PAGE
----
Garden School:

Garden School:
Teaching this week: Nothing: my Trainee is on holiday!

Friday, 25 January 2019

Ants in the pants

A while ago, I had an email question from Karen ("Hi, Karen!") who was concerned about ants moving in on her Salix Kilmarnock: I answered her at that time - wouldn't want you all to think that I don't answer my emails!! - but it was a good question, so I thought I'd share it here.

My first reaction to the question, I have to admit, was "Ooh goody, this makes a change from questions about pruning the darned things!"

Karen had noticed ants congregating on the tip of each leaf, in vast quantities. She noted that none of the leaves appear to have been eaten or damaged, but obviously no-one wants to have ants all over the place.  She'd tried traditional bug spray, and she'd tried blasting them with the hose pipe but they kept coming back: so her question was in three parts:

1)  how to get rid of them
2)  will they cause any harm to the tree
3)  is it safe to use ant powder on a tree

So here are my answer, in reverse order:

3) yes, you can use ant powder on trees.
2) No, it won't cause any harm to the tree, as long as you use it in moderation.
1) see below for detailed instructions!

Right, firstly, ant killers: ant powder is the usual stuff, it comes in a flexible plastic puffer pack: it looks like talcum powder, and you puff it out where the ants are to be found. They walk through it, as they march around on their unfathomable business (where are they all going?  Aren't they supposed to have a nest in once place, then send out troops to find and bring back food? Why are they going in both directions yet not carrying anything?), then carry it back to the nest where it kills them, the others, and the queen, thus getting rid of your ant problem for good.

Ant powder is what I always recommend for ant in the lawn, and ants in patios. As a non-chemical alternative, you can use boiling water on patios, but I would not suggest doing this on plants!

However, ant powder is nasty stuff, and being a powder, it can blow around all over the place, so a better option for trees is to find the gel version. It's sold for getting rid of ants in the house:  you squeeze out a thin line of the gel along a threshold, or across a marching line, and it works in the same way as the powder, ie they get it on their feet and trample it back into the nest.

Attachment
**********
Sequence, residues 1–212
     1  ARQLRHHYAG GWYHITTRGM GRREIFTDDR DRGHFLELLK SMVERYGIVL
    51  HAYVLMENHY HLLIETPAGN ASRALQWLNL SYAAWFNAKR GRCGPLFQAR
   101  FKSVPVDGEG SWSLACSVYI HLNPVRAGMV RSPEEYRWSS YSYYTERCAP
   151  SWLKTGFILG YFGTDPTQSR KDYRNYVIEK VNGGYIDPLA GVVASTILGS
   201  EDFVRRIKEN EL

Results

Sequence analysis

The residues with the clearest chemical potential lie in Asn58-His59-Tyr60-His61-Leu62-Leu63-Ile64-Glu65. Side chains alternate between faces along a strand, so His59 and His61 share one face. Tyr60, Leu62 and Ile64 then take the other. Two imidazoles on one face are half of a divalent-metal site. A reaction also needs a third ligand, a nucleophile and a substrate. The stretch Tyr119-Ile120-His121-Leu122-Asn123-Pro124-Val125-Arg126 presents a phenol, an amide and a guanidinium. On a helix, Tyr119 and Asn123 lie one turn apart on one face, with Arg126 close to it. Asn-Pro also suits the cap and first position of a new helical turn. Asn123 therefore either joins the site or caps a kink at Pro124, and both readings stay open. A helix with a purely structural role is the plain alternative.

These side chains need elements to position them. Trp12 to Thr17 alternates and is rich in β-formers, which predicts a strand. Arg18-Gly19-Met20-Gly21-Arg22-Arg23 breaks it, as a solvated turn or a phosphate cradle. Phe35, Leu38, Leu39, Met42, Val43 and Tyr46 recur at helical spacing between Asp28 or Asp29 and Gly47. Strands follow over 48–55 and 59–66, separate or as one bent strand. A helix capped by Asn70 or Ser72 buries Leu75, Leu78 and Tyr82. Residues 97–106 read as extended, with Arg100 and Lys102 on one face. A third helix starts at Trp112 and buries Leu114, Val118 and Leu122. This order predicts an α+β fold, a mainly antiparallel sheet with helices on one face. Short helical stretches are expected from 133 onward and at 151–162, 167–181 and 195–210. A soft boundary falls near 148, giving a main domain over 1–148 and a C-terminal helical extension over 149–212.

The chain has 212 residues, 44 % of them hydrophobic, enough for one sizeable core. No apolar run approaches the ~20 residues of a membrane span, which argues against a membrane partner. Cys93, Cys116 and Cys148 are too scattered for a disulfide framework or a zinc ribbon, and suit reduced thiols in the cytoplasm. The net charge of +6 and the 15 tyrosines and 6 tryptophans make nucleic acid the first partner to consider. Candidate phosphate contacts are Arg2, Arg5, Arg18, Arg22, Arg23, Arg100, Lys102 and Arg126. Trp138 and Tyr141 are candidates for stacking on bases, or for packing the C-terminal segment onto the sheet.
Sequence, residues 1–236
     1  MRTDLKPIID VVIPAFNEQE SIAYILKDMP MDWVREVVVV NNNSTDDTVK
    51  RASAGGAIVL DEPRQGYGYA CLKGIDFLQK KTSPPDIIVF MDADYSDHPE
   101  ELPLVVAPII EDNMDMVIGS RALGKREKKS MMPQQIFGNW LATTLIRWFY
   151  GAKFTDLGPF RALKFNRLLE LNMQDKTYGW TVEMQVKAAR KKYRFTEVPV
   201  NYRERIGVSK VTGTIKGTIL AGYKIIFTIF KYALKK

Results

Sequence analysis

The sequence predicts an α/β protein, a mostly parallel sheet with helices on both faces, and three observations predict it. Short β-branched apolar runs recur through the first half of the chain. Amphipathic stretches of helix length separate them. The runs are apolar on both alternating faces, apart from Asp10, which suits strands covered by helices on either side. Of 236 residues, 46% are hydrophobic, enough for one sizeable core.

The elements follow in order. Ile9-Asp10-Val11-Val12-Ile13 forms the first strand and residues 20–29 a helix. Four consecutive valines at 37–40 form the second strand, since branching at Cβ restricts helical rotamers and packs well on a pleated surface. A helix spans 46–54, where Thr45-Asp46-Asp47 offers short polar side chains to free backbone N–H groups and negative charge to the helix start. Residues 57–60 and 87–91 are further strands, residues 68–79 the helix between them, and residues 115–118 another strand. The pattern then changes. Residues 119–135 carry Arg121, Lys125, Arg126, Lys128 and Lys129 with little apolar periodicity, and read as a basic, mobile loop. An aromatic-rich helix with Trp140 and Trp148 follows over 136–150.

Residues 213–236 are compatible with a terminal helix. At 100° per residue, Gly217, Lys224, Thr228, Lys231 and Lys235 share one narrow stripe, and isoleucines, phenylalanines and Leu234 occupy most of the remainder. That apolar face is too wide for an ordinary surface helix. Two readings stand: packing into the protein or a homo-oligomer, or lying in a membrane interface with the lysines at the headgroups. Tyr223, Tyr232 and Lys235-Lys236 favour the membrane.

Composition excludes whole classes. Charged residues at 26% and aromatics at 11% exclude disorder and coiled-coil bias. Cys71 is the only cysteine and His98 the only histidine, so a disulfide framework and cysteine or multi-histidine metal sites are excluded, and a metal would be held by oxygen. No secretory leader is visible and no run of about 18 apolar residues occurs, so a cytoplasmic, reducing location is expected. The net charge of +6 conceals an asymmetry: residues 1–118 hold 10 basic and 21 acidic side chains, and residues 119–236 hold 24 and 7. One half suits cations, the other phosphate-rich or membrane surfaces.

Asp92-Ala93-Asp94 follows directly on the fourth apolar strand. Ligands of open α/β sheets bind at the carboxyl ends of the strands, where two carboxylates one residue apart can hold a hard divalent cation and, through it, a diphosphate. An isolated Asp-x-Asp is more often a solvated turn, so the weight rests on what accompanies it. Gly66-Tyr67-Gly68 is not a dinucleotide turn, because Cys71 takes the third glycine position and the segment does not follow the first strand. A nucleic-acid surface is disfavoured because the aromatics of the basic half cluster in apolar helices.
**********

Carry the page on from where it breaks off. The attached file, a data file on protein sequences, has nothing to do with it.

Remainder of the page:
(At this point I always have a vision of the Doorman Ants fussily saying "Wipe your feet! You don't know what you've been walking though, honestly, my  nice clean nest, harruumph")

Secondly, why are there ants in our trees anyway? Generally, the ants only colonise a tree if there are aphids, or certain types of insects, in it. Ants like aphids (and those other insects: if you're that interested in knowing exactly which ones, you can look up a  list yourself!) because they produce a sweet sticky fluid called honeydew, which ants really enjoy. So if the aphids are there, the ants will move in and "farm" them: they'll guard them and look after them, and encourage them to produce more honeydew.

So having used ant powder to get rid of the ants, it's worth taking a close look at the tree to see if there are any other inhabitants that need removing. As far as I can tell from personal experience (and a quick internet search), ant powder does not kill aphids, so you'd need to address them as a separate issue.

Generally speaking, my advice about ants and all creepy crawlies on my small trees is to get the hose out, close the nozzle well down, and jet wash the plant, to blast off as many of the pesky little blighters as you can, then pouf a ring of ant powder around the main stem, fairly close to the ground, so that everything marching up or down has to go through it.

Refresh the ant powder every couple of days, particularly if it rains: and lo! and behold, in a couple of weeks, you should be ant-free!

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